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    What to look for and how to cook healthy tofu, edamame, miso and more soyfoods.

    Soyfoods GuideLong popular in the East, soyfoods have only recently found a home in Western kitchens. Yet beyond tofu, many people are still at a loss about what to do with the versatile bean. Soy foods are chock full of nutrients, are a great source of plant-based protein and unlike many other high protein foods, are low in saturated fat. All these soyfoods can be found in supermarkets, natural-foods stores or Asian groceries.

    Use the primer below to learn more about healthy soyfoods.


    What It Is: Fresh soybeans (also called "sweet beans"), picked in their fuzzy pods just before they reach full maturity, look like bright green lima beans. Their flavor is sweet and mild, with a touch of "beaniness."

    What to Do with It: In Japan, edamame are often boiled in salty water still in their pods and served as bar food (the pods are inedible, but it’s fun to pop them open between sips of beer). On these shores, you’re most likely to find frozen, partially cooked edamame, either in pods or shelled—but fresh ones might turn up at farmers’ markets. Use them in bean salads, toss into stir-fries or soups.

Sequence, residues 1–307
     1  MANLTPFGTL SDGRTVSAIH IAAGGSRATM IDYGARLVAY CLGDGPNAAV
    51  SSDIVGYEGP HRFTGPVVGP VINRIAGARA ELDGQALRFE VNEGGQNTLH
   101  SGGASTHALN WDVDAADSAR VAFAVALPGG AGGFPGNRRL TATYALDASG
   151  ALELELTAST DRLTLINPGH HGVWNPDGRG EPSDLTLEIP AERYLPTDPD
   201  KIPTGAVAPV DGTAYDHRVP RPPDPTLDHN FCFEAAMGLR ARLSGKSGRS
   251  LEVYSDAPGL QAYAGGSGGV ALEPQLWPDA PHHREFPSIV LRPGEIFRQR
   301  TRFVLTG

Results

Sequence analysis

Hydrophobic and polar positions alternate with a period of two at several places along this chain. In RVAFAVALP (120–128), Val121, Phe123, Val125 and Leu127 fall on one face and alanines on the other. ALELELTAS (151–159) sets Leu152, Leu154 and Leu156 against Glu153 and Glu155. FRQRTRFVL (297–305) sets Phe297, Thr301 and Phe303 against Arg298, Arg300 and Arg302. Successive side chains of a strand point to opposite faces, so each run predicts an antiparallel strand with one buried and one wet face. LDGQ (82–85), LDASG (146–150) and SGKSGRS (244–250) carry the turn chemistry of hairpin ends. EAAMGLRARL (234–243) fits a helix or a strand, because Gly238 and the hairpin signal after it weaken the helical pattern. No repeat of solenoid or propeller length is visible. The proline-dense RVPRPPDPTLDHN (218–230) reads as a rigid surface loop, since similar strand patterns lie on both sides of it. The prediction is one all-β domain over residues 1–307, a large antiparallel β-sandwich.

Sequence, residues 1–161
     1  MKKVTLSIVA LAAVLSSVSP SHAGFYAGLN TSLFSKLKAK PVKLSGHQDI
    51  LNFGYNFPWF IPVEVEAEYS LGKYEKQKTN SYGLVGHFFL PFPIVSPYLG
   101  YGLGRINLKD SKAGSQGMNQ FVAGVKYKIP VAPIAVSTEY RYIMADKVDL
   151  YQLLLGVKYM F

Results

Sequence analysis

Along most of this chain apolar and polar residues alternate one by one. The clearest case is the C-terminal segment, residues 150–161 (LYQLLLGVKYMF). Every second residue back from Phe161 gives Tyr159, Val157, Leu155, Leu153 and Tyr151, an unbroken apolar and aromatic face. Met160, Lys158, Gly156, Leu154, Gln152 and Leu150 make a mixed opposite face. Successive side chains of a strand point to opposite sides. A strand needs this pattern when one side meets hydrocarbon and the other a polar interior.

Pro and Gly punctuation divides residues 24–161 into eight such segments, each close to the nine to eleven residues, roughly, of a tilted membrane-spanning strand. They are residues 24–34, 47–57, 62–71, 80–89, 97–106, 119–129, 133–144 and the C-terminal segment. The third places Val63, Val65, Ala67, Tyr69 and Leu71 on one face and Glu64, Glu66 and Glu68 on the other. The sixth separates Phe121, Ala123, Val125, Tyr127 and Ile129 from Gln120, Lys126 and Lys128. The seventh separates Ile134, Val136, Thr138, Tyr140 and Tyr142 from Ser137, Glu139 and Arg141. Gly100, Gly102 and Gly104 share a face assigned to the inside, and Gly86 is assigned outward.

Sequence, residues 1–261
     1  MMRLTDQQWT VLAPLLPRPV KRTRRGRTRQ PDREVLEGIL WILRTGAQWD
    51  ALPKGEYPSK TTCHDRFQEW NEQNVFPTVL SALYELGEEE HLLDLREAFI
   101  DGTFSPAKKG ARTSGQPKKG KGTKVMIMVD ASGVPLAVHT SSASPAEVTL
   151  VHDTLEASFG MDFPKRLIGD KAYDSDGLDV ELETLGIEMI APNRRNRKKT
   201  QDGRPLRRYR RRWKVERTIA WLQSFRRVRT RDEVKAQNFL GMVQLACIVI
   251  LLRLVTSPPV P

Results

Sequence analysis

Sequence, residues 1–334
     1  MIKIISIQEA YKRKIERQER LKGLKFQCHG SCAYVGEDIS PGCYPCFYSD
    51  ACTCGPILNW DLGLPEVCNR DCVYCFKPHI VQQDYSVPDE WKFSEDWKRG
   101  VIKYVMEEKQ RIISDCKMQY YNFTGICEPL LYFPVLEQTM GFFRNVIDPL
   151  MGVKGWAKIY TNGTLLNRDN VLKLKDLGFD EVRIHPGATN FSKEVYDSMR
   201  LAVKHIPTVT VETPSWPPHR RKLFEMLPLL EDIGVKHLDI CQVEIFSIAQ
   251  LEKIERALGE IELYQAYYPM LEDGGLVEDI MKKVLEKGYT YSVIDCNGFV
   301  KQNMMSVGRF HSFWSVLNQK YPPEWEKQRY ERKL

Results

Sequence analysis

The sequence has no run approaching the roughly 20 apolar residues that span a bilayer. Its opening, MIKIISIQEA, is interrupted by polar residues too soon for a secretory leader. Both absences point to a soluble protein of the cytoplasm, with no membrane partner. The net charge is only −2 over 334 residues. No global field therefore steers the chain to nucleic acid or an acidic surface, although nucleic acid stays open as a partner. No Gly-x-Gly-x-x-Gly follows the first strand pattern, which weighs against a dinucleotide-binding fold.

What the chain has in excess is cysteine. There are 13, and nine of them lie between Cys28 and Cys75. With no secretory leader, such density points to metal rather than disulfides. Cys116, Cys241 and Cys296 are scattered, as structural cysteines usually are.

What It Is: Miso is fermented soybean paste made by inoculating a mixture of soybeans, salt and grains (usually barley or rice) with koji, a beneficial mold. Aged for up to 3 years, miso is undeniably salty, but a little goes a long way.

    What to Do with It: Akamiso (red miso), made from barley or rice and soybeans, is salty and tangy, and the most commonly used miso in Japan. Use in marinades for meat and oily fish, and in long-simmered dishes.

    Shiromiso (sweet or white miso), made with soy and rice, is yellow and milder in flavor; use for soup, salad dressings and sauces for fish or chicken.

    Soy Flour

    What It Is: Mature soybeans that have been dried, hulled and split can be ground into flour. The texture is denser than wheat flour and it has a pronounced flavor some describe as "beany."

    What to Do with It: Soy flour makes a good protein-rich substitute for wheat flour in recipes, but because it contains no gluten, replace no more than one-quarter of the total flour called for. Full-fat soy flour can go rancid quickly; keep it in the refrigerator for up to 6 months or in the freezer for up to 1 year.

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